Anthocyanins

Anthocyanins are widely distributed natural pigments and flavonoids165. Anthocyanins play critical roles in the pigmentation of flowers and fruits166. In many colored vegetables and fruits such as red cabbage, eggplant, purple corn, purple potato, grape, peach, plum, and pomegranate, anthocyanins were discovered167. In plants, anthocyanins can protect plants from strong light by forming light-absorbing screens and scavenging reactive oxygen species when suffering from light stress168. Anthocyanins have also been reported to have many health benefits, including prevention of cardiovascular diseases, anticarcinogenic activity, control of diabetes, and improvement of vision165. Providing antioxidants was determined to be the main mechanism for anthocyanins to prevent diseases in humans.

Among the cultivars of carrot, the taproot color variety is abundant. The main colors include orange, purple, yellow, red, and white. In the research of Xu et al., the taproot of purple carrots had more anthocyanin accumulation than that of yellow and orange carrots. Only a few anthocyanins were measured in the taproots of orange carrots, and no anthocyanins were measured in yellow carrot roots169. The accumulation of anthocyanins in the carrot roots was affected by many factors, including temperature, nutrients, and light170. At the molecular level, many studies on the biosynthesis pathway of anthocyanins have been performed in carrots. Phenylalanine ammonialyase (PAL), flavanone 3-hydroxylase (F3H), chalcone synthase (CHS), dihydroflavonol 4-reductase (DFR), and leucoanthocyanidin dioxygenase (LDOX) are members of the biosynthesis pathway and have been identified in carrots171. According to previous reports, the genes DcUCGalT1, DcMYB6, and DcUSAGT1 of carrot were involved in the biosynthesis of anthocyanins172,173,174. In Yildiz and his group’s research, the expression profiles of six anthocyanin biosynthesis-related genes (CHS1, FLS1, F3H, LDOX2, PAL3, and UFGT) were measured. CHS1, DFR2, F3H, LDOX2 and PAL3 have the highest expression level in solid purple carrots175.

Dietary fiber

Dietary fiber is a class of compounds that mainly includes carbohydrates, polysaccharides, and lignin176,177. The dietary fibers are further classified into soluble and insoluble fibers. Pectins, gums, and hemicelluloses are soluble fibers, and cellulose is the main component of insoluble fiber. In most foods, insoluble fiber is the main dietary fiber, and the content of soluble fibers is small or negligible. The sources of soluble fibers are limited and include citrus fruits, barley, legumes, oats, avocado, and rye. The sources of insoluble fibers are abundant and include most vegetables and cereal grains178.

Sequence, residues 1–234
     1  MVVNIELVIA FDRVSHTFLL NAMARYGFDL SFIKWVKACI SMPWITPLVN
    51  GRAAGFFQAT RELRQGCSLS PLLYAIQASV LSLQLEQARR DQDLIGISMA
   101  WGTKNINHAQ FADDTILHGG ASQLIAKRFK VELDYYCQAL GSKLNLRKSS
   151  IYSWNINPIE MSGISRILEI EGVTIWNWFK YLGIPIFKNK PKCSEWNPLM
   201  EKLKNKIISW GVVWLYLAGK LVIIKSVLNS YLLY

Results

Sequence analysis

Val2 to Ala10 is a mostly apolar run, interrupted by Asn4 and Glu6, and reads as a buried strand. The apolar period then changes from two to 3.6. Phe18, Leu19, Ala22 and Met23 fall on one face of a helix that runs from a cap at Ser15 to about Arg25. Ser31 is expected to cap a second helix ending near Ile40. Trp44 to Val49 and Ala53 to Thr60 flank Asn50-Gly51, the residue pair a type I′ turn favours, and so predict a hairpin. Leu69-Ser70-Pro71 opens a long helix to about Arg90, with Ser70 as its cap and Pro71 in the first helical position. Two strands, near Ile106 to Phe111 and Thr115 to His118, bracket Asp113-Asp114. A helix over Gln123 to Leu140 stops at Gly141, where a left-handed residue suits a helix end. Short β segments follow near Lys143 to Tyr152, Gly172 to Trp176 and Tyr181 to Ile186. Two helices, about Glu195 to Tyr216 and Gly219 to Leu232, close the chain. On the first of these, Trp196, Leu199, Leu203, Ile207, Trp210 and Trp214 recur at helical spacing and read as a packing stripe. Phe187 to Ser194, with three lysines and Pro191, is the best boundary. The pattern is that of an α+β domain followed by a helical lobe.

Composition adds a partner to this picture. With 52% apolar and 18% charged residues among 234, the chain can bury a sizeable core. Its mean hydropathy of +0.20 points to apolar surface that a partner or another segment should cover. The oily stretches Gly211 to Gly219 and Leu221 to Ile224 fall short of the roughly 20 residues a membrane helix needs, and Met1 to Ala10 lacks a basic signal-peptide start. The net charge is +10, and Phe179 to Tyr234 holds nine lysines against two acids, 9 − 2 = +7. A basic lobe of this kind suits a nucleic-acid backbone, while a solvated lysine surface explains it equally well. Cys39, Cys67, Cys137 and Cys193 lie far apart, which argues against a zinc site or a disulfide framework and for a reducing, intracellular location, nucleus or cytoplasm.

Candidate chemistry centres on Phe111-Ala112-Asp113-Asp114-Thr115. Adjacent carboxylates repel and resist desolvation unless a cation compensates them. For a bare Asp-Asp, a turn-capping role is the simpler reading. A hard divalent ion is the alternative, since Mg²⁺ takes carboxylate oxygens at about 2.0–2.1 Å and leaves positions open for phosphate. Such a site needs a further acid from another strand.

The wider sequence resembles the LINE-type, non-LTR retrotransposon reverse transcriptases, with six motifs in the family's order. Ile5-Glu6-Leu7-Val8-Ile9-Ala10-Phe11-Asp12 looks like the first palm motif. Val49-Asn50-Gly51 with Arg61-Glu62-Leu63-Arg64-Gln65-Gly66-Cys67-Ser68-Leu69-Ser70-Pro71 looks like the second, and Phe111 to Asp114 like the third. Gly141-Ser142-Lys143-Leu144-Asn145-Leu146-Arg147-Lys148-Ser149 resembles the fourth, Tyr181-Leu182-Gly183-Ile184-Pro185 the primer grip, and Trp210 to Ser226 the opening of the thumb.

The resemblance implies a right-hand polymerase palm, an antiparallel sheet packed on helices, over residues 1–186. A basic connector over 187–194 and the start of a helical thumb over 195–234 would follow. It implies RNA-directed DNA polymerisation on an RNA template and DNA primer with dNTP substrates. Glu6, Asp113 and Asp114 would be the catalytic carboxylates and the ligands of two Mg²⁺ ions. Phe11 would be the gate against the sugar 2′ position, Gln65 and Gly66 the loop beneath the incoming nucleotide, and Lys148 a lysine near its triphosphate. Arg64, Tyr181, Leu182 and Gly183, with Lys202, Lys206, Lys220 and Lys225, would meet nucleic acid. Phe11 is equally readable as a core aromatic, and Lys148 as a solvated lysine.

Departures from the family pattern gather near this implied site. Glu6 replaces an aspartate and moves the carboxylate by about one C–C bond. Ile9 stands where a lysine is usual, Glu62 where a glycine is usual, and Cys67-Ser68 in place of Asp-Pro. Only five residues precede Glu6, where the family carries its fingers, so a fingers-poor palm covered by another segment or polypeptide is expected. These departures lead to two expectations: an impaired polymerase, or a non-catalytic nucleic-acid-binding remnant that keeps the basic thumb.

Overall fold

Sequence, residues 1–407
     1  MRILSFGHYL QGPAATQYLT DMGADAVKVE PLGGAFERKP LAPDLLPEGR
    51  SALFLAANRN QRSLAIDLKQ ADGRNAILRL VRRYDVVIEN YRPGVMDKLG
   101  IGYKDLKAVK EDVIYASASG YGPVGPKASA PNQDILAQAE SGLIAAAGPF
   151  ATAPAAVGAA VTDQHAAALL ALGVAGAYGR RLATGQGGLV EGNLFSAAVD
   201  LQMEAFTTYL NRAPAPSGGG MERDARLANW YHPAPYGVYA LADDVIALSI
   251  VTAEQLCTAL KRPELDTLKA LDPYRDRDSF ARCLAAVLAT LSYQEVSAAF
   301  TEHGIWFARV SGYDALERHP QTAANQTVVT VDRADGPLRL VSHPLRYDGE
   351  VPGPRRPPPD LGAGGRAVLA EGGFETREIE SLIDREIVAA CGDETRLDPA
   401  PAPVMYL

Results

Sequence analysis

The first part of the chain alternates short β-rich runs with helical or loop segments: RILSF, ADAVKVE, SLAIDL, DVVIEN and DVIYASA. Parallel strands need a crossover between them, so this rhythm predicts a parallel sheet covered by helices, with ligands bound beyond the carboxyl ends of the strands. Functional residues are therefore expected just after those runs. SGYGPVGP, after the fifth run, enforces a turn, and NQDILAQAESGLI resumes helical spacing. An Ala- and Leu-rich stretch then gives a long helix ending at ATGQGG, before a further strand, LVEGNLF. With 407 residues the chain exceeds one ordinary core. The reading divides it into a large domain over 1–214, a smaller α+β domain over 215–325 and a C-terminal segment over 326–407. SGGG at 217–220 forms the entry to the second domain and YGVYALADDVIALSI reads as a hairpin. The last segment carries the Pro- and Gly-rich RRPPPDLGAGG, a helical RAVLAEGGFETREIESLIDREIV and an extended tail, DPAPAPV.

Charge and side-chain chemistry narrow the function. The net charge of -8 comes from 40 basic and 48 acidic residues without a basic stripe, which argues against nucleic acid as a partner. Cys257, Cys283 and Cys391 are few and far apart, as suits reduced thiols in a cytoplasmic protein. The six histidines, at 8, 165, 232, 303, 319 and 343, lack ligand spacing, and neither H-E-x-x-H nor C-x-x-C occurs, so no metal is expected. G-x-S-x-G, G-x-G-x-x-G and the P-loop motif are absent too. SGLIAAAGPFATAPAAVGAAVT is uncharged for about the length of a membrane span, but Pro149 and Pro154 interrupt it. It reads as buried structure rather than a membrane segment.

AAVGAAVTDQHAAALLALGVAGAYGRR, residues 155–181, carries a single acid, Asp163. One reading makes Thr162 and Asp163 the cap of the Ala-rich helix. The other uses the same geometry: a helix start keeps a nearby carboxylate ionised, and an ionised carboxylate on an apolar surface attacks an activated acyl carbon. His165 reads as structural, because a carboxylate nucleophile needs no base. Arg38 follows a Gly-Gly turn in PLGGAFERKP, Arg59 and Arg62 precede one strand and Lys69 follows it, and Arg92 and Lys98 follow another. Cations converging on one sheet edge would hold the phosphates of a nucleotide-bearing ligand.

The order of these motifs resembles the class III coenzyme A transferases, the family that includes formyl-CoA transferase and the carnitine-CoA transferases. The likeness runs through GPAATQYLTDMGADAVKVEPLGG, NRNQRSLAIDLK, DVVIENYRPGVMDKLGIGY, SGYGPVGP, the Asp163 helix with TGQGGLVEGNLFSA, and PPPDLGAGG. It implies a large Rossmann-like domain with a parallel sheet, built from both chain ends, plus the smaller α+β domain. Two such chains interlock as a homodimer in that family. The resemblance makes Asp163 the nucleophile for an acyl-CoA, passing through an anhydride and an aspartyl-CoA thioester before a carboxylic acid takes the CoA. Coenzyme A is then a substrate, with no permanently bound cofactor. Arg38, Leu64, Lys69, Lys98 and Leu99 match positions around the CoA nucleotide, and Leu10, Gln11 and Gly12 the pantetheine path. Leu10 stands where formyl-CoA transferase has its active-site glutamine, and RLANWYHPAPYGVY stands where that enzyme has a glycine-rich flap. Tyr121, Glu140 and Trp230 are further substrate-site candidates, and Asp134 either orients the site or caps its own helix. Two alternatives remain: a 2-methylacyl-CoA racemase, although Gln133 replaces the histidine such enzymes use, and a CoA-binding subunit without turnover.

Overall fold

Dietary fiber is well known and popular as a healthy substance within society. The widely known benefit of dietary fiber is its role in improving gastrointestinal function. Insoluble fiber can improve gastrointestinal function by enhancing the peristalsis of the intestine and increasing the bulk of feces179. Another way that insoluble fiber protects the colon is through enhancing the proliferation of microbes178. In addition, many other functions of dietary fiber have also been reported, such as moderating the postprandial insulin response, reducing cholesterol, regulating appetite, and reducing the risk of coronary heart disease. Sufficient intake of dietary fiber is good for humans to stay healthy178,180.

In the storage root of carrot, 1.2–6.44% of the mass is dietary fiber, and 80.94% of the dietary fiber is cellulose8,181. Carrot is a good material for producing juice, but the carrot pomace is wasted. According to previous reports, the dietary fiber of the carrot pomace was abundant and was higher than that of some other agricultural byproducts, including asparagus and onion. The insoluble dietary fiber in the carrot pomace are mainly composed of pectic polysaccharides, hemicelluloses and cellulose and have desirable functions177. As a byproduct, carrot pomace is very abundant and could be chosen as a source of dietary fiber. In the research of Chou et al., reducing particle sizes of the carrot insoluble fiber-rich fraction (IFF) can clearly enhance the function of fiber in gastrointestinal function. Furthermore, the ability of micronized IFF to reduce the concentrations of serum triglycerides, serum total cholesterol, and liver lipids was substantially enhanced182.

In the research of Wang et al., most lignin in the carrot root was deposited in the xylem. The proportions of lignin in carrot roots decreased with root development183. Hypoxia was also found to enhance the lignification of carrot roots184. As a promising source of dietary fiber, carrot should be further studied.

Other compounds